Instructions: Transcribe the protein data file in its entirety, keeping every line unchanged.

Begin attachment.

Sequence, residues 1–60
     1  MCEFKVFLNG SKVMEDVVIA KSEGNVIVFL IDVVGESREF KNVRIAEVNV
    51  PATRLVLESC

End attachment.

Sequence, residues 1–60
     1  MCEFKVFLNG SKVMEDVVIA KSEGNVIVFL IDVVGESREF KNVRIAEVNV
    51  PATRLVLESC